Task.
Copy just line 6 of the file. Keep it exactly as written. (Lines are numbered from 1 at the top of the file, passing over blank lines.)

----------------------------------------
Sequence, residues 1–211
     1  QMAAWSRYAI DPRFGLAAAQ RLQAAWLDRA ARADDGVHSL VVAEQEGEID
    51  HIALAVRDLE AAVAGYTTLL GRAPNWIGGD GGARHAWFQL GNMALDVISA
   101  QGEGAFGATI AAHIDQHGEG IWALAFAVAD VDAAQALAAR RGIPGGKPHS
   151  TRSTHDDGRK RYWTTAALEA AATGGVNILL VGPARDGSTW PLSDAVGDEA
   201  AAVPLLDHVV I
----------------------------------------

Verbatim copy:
   201  AAVPLLDHVV I